Multi-grain Dog Treats

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From Anne Hill Wiebe University of Texas Computation Center, Austin, Texas, USA
Recipe By: Anne Hill Wiebe
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Ingredients

    • 3 1/2 cups all-purpose flour
    • 2 cups whole-wheat flour
    • 1 cup rye flour
    • 1 cup cornmeal
    • 2 cups cracked wheat (bulgur)
    • 1/2 cup non-fat dry milk powder
    • 4 tsp salt
    • 2 cups chicken stock
    • 1/4 oz active dry yeast (one package)
    • 1 egg
    • 1 Tbsp milk

Instructions

Preheat oven to 300 degrees. Combine, in a big bowl, the flours, cornmeal, milk powder, and salt.

In a separate bowl, dissolve yeast in 1/4 cup lukewarm water; let it sit for a few minutes, until it bubbles.

Add the chicken stock to the yeast mixture. Mix well.

Add the liquid to the dry ingredients. Knead about 3 minutes. The dough should be stiff.

Flour a board with cornmeal and roll out the dough to a thickness of 1/4 inch Cut out biscuits with cookie cutters in appropriate shapes, and place on ungreased cookie sheets. Mix the egg and milk and use to brush tops of biscuits (for shine), then bake the biscuits for 45 minutes at 300 degrees.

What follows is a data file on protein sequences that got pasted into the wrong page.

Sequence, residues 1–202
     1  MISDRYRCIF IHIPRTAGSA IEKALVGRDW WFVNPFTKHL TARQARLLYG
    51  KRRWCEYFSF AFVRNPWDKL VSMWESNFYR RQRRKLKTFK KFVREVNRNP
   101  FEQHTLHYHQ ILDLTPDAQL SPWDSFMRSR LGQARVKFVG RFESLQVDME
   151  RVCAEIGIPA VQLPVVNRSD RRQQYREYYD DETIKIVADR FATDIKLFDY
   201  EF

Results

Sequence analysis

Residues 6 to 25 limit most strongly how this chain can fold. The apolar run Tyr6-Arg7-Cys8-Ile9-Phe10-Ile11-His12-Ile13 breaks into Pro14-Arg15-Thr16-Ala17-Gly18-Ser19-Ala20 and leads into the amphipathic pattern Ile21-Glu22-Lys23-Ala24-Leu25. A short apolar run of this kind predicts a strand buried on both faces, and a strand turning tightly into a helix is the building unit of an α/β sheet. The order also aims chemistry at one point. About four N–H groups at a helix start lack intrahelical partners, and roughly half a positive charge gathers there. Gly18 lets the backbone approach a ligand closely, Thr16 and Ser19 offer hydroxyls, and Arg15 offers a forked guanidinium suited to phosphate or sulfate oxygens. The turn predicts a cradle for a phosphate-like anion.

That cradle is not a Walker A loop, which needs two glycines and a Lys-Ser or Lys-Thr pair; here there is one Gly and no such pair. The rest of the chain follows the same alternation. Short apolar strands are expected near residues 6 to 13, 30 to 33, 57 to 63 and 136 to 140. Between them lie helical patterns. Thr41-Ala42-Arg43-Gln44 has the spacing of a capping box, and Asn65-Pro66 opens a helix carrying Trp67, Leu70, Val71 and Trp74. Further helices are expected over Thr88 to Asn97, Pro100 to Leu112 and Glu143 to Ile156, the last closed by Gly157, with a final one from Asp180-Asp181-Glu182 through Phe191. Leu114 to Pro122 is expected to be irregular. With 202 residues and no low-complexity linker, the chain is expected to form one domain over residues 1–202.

Turn off the heat and leave biscuits in the oven overnight. This will make the biscuits be bone-hard. View orginal post

Storing Dog Treats
In general you should store dog treats the same way you would homemade people cookies. That being said, there are two main variables that determine storage time - the amount and type of fat in the recipe and your local weather conditions. If your recipe uses fats such as butter, or meat bits or juices then it will be more prone to rancidity than a recipe that uses some vegetable oil or shortening. Your treats may mold or spoil much faster in humid or very hot climates.

Refrigeration and Freezing - Refrigeration will prolong the life of more fragile dog treats. Make sure to store in a tightly sealed container or zip lock bag. You can also freeze most treats in zip lock freezer bags. Allow to thaw completely before use
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